New to DTX 1.3 (), at the end of the Fiber Autotest, if there is a negative loss of more than -0.09 dB, a warning will be given. "How can I get a negative loss? Isn't that a gainer?" The principle causes of negative loss readings are:
- Incorrect test reference method
- Poor quality reference leads
- Not allowing the source to stabilize
The following articles include a step to verify your Test Reference Cords.
- ANSI/TIA-568-C testing LC to LC Duplex Multimode
- ANSI/TIA-568-C testing LC to LC Duplex Singlemode
- ANSI/TIA-568-C testing SC to SC Duplex Multimode
- ANSI/TIA-568-C testing SC to SC Duplex Singlemode
- ANSI/TIA-568-C testing SC/APC to SC/APC Duplex Singlemode
- ANSI/TIA-568-C testing ST to ST Duplex Multimode
- ANSI/TIA-568-C testing ST to ST Duplex Singlemode
Poor quality reference leads
When you purchase patch cords, you will normally see a loss value enclosed with the patch cord. The generic standard for a mated fiber connection is better than 0.75 dB. Most patch cord vendors will achieve a mated loss better than this. What you may not know is that there is a standard for a reference mated connection. In IEC 14763-3, a mated reference connection is defined as being better than 0.1 dB for multimode and 0.2 dB for singlemode. It is possible with the DTX CableAnalyzer to verify the performance of your reference leads.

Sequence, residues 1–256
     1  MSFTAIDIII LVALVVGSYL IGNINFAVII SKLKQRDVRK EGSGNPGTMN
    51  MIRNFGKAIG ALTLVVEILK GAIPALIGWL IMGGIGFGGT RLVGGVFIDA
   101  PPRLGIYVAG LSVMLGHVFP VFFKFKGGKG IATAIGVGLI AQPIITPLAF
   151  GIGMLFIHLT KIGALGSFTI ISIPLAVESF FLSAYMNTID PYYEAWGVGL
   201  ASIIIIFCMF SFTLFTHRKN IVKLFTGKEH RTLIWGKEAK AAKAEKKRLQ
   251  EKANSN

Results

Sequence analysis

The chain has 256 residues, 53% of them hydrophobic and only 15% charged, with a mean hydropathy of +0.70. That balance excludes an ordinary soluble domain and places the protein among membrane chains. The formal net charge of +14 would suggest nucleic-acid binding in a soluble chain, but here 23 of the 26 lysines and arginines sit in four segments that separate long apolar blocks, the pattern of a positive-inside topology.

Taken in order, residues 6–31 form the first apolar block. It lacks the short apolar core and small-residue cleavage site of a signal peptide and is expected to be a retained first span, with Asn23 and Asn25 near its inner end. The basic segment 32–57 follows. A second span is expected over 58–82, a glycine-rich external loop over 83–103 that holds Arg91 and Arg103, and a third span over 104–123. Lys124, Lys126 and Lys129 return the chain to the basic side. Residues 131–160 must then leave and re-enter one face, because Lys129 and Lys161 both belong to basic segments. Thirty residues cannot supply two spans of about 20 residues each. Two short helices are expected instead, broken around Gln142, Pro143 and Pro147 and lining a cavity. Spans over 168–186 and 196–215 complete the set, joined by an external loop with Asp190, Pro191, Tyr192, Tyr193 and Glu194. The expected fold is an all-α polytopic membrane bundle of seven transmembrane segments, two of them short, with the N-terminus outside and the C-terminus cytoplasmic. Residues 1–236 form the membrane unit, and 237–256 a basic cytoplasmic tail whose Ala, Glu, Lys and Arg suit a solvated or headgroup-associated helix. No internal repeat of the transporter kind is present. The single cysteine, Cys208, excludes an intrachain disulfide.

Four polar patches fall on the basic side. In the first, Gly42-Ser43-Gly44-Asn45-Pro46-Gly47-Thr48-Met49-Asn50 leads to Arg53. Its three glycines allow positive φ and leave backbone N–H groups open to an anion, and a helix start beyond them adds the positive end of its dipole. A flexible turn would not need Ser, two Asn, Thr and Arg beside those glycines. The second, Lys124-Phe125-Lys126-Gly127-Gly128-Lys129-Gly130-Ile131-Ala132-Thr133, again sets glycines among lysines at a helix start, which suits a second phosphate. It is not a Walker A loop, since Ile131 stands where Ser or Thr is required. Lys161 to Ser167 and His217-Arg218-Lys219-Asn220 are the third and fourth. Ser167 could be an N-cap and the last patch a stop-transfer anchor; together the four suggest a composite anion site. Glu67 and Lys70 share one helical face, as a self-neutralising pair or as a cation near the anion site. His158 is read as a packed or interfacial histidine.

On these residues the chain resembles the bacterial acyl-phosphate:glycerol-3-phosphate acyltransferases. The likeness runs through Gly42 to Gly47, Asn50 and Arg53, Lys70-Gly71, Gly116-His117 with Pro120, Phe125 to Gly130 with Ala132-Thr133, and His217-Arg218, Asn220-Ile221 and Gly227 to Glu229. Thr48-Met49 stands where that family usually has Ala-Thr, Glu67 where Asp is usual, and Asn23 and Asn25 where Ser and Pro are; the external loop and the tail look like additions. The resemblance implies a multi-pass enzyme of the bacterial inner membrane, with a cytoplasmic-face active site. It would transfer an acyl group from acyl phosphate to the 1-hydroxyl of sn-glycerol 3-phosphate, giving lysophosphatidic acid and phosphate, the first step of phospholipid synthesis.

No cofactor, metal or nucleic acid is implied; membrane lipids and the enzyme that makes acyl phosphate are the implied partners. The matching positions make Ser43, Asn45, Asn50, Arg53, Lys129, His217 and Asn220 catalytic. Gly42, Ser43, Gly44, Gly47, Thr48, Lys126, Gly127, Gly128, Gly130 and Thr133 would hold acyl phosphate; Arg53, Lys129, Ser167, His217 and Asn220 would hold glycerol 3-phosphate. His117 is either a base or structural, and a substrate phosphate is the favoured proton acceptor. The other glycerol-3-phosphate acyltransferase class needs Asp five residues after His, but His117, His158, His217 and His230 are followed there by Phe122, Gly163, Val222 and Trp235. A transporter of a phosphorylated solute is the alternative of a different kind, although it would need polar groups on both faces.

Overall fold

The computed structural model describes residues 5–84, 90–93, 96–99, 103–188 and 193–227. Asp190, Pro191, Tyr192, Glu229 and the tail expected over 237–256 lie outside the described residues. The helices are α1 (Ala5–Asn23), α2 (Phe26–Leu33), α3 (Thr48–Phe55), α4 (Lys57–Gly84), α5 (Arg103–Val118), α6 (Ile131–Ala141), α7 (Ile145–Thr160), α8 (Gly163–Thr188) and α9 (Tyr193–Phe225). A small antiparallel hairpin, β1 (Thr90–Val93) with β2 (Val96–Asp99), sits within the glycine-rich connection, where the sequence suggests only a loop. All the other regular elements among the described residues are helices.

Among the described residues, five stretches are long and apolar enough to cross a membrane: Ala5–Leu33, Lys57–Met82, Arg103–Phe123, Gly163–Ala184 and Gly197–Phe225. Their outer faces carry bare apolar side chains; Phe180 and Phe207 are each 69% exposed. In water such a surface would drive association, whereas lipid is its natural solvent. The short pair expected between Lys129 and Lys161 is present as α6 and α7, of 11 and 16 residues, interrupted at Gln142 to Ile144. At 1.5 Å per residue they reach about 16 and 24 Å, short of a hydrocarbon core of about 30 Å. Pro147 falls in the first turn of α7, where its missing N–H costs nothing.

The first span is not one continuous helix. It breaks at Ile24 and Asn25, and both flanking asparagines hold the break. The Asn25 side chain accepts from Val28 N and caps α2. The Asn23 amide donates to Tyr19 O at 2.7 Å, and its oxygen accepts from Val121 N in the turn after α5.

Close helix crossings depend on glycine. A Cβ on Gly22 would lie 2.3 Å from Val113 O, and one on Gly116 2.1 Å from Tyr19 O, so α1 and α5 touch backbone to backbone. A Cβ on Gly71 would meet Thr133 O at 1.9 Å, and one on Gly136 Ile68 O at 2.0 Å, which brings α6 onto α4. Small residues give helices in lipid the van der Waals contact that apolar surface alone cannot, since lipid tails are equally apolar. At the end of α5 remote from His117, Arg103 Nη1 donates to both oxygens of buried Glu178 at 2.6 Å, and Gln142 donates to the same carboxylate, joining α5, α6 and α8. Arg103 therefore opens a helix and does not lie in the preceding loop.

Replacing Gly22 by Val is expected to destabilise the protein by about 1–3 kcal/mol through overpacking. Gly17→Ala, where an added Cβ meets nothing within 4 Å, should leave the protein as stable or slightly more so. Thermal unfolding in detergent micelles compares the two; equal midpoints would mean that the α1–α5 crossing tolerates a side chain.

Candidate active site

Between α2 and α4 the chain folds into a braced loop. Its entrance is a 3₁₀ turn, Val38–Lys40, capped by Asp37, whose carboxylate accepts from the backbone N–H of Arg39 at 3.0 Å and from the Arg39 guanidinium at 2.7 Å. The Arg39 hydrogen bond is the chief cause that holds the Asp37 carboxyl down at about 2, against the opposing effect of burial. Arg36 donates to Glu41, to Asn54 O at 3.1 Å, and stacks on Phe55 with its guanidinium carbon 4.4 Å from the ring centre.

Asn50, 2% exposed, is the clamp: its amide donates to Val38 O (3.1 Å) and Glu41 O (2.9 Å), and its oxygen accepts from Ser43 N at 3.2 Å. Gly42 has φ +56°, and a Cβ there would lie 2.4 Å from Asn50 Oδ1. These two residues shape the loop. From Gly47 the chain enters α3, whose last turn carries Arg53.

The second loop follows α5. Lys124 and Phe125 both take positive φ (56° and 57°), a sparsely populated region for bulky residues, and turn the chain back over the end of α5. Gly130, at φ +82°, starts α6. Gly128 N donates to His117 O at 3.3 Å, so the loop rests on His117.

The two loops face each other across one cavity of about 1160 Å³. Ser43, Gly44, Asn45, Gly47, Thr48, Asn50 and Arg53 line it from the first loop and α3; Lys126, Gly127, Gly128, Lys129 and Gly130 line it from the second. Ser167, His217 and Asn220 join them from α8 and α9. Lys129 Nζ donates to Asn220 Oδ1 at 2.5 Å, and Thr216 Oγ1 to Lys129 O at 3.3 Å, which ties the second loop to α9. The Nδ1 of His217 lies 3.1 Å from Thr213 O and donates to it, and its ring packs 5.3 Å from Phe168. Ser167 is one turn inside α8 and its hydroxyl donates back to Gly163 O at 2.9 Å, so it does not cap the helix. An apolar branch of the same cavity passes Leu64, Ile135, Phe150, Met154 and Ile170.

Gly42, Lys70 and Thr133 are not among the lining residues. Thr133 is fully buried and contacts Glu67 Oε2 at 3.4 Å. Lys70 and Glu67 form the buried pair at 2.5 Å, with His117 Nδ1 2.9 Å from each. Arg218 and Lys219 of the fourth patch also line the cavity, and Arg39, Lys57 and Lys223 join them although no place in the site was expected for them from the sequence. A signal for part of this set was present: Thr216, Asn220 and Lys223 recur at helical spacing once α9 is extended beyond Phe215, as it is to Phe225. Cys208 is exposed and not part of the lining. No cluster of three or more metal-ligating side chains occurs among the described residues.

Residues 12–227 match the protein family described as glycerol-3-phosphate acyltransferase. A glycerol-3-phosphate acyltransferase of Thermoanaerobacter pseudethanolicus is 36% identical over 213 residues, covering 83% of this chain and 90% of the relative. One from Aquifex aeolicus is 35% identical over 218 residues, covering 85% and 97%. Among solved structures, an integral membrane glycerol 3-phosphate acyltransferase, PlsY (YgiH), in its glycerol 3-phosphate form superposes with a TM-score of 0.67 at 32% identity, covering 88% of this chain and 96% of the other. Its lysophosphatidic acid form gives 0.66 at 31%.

Incorrect test reference method
For testing in the local area network, use Method B. If you have the DTX-xFM without the interchangeable adapters, you can do a true Method B with an SC installation only. If your cabling system contains LC connectors for example, then Adapted Method B should be used to produce equivalent results. Both methods are highly dependent on the quality of your reference leads.
Not allowing the source to stabilize
When you set a reference, the CableAnalyzer will store the received power from the output. For example, with a DTX-SFM the receive power may be -6.50 dBm. With your reference leads still in place, running an AUTOTEST should yield 0.00 dB. But, let's assume that the source was not allowed to stabilize (warm up). When the source warms up, the output power of the source will increase. Taking the previous example here, the receive power increased to -6.70 dBm. Running the AUTOTEST again would yield a negative loss of -0.20 dB. How long should it take for the source to stabilize? This will depend on where it was stored and the ambient temperature you are testing at. It can be as little as 5 minutes and as long as 30 minutes if the instrument was stored in a very cold place. Checking to see of the source has stabilized is easy. After setting the reference, run an AUTOTEST. It is not uncommon to see anything from -0.04 dB to 0.04 dB. But, if you see it drifting more than this, keep repeating the AUTOTEST until a stable value is observed.